Follow signs for ‘The Pinnacles Hut’ or ‘Hydro Camp via Webb Creek.’ The DOC sign at the entrance estimates a 3 hour walking and by this, they mean 3 hours to the hut and 3 hours back down, so a 6 hour return trip. We’ve taken many hikers on this walk over our 20 years of guiding and we find this estimate a really accurate reflection.
The track begins by gently wandering alongside the western side of the Kauaeranga River on a wide, well-maintained gravel surface. After 20 minutes or so, you’ll cross over the river via a bridge and walk along Webb Creek. Once you reach the end of Webb Creek the track begins to ascend noticeably after this point.
As you head up the valley you’ll see a large, flat-topped mountain ahead of you to your left. This is Table Mountain and it’s higher than the Pinnacles at 846m elevation. While there is a tramping track to the summit of Table Mountain it’s extremely difficult and not marked on any topographical maps. Wilderness Magazine sent their hiking reporter to cover this track and he proposed it’s New Zealands’ Worst Tramp!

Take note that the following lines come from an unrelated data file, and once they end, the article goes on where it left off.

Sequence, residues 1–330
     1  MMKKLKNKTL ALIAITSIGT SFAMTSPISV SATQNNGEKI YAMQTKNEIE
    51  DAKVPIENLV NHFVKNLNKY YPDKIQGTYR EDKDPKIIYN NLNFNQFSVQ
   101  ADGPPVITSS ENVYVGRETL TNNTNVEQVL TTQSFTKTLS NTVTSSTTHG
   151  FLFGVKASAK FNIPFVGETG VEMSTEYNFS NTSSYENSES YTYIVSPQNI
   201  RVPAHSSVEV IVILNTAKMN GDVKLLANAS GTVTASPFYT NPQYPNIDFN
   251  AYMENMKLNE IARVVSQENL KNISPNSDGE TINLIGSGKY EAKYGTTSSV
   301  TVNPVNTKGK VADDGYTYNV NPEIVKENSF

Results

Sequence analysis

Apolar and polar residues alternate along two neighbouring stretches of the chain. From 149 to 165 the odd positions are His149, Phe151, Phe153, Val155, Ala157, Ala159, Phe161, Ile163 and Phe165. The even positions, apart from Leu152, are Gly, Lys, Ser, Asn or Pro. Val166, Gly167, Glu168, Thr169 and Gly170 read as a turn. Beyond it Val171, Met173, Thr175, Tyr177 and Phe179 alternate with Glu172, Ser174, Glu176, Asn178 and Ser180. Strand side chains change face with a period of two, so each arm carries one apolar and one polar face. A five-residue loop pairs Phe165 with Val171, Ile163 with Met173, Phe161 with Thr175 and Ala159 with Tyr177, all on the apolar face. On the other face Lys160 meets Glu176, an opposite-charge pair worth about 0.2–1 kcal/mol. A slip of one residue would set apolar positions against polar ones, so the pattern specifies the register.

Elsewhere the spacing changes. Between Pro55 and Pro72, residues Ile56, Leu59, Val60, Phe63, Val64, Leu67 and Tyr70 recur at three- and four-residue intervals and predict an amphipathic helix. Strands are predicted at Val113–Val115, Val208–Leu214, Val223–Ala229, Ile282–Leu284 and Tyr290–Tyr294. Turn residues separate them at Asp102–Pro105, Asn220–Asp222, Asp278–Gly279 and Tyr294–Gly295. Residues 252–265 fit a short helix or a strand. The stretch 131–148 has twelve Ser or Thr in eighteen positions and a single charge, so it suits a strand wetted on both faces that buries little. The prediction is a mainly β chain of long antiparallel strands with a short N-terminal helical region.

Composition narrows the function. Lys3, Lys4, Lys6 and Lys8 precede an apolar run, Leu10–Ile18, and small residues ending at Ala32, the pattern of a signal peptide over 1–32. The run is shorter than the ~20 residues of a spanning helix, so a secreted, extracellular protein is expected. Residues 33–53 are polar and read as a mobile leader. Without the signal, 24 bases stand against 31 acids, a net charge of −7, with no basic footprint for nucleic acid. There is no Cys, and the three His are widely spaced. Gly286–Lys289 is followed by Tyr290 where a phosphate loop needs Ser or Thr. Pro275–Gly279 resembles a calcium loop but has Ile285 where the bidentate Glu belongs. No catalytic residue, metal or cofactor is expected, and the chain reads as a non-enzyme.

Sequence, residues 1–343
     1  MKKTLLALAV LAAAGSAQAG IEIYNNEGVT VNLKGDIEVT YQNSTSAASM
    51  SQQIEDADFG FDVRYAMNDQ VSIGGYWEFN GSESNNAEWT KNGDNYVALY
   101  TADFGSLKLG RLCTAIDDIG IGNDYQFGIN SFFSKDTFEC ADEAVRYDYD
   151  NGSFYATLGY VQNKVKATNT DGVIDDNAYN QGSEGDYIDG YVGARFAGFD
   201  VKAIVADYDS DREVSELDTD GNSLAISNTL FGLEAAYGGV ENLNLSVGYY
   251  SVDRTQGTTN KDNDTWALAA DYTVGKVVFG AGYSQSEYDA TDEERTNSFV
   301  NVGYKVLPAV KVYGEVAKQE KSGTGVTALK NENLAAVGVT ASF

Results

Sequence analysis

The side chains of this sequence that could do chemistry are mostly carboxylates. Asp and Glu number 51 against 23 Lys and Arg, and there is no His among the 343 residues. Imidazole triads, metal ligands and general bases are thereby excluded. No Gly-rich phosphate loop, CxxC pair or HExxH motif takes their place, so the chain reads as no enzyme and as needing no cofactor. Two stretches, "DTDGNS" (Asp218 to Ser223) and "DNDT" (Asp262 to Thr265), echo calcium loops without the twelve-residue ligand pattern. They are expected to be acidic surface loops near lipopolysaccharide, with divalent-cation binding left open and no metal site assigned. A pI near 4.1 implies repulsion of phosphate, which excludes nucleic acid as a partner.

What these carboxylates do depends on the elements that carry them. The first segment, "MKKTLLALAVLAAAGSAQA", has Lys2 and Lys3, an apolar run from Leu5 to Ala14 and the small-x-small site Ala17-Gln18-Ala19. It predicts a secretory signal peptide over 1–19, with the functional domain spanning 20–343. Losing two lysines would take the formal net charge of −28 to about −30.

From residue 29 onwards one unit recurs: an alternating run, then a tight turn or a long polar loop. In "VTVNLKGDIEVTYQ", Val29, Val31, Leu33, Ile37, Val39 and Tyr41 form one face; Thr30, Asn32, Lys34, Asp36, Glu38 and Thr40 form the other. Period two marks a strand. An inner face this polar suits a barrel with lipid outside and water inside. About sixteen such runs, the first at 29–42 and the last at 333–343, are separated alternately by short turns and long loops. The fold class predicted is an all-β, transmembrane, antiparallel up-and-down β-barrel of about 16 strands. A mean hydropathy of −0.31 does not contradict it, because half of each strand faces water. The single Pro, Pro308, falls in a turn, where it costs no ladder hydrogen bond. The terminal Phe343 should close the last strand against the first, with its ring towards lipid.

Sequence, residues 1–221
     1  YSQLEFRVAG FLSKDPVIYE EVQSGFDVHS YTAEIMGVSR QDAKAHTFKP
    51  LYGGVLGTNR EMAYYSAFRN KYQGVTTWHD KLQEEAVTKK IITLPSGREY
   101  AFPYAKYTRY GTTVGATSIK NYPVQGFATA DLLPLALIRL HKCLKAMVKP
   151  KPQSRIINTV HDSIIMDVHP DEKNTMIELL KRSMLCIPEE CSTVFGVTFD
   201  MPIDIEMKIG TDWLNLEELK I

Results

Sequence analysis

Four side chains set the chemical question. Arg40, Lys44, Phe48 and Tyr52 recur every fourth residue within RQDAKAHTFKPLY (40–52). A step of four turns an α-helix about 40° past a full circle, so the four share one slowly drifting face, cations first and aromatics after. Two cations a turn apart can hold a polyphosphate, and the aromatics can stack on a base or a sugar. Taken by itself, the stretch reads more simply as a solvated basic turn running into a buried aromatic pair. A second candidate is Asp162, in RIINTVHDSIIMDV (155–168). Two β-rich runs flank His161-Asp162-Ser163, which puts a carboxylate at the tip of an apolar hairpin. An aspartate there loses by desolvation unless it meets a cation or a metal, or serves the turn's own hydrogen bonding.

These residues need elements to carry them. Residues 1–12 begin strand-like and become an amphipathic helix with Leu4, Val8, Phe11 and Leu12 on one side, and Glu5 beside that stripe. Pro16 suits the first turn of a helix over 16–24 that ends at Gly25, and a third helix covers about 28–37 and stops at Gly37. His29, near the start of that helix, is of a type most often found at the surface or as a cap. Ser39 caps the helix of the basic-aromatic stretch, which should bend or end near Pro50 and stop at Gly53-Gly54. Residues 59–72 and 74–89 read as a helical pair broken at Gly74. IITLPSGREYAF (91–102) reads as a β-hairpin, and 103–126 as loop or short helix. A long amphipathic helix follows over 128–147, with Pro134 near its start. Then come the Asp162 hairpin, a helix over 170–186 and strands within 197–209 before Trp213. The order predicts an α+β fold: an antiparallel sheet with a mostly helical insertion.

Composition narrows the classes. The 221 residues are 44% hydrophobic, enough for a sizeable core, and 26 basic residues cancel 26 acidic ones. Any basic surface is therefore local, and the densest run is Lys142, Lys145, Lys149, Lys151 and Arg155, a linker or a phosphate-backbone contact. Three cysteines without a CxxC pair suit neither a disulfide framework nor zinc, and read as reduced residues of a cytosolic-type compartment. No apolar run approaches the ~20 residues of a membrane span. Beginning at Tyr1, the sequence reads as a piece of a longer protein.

To Hydro Camp Via Stone Stairs
This trail was carved by bushmen and gumdiggers in the 1920’s who used packhorses and mules to cart goods up to the work camps. Workmen could spend up to 6 months straight living and working in this forest. Once a week a team of 8 packhorses would make their way up to the camps carrying supplies like flour, sugar, fresh meat and tinned food. To make things easier for the animals, they carved wide flat steps into the rock forming a unique staircase. The stair risers are taller than residential stairs as they were built for long horse legs, not humans. Take care in wet weather as the rock surface can get slippery and muddy.
Hydro Camp is the first point where the track widens out into an open, level area just perfect for a food and water stop. This is where workmen made camp for the night, to be better placed as to begin the next work day higher up in the ranges. There are wide logs placed conveniently here if you fancy a sit-down or you need to adjust your boot lacings. The ascent tends to separate fast walkers from slower walkers, so this spot is a great place to meet up again before tackling the next section.
From Hydro Camp the track begins another ascent, this time you’ll notice the forest becoming more sparse as you get closer to the top of the ranges. As you’re making your way up to the Pinnacles Hut, see if you can spot the original track running alongside the main track. Certain sections are visible, they are much more narrow and steep than the modern track you’re on. This is where the track starts to ‘bite in’ so it certainly helps to have a comparison as to what things were like ‘in the old days.’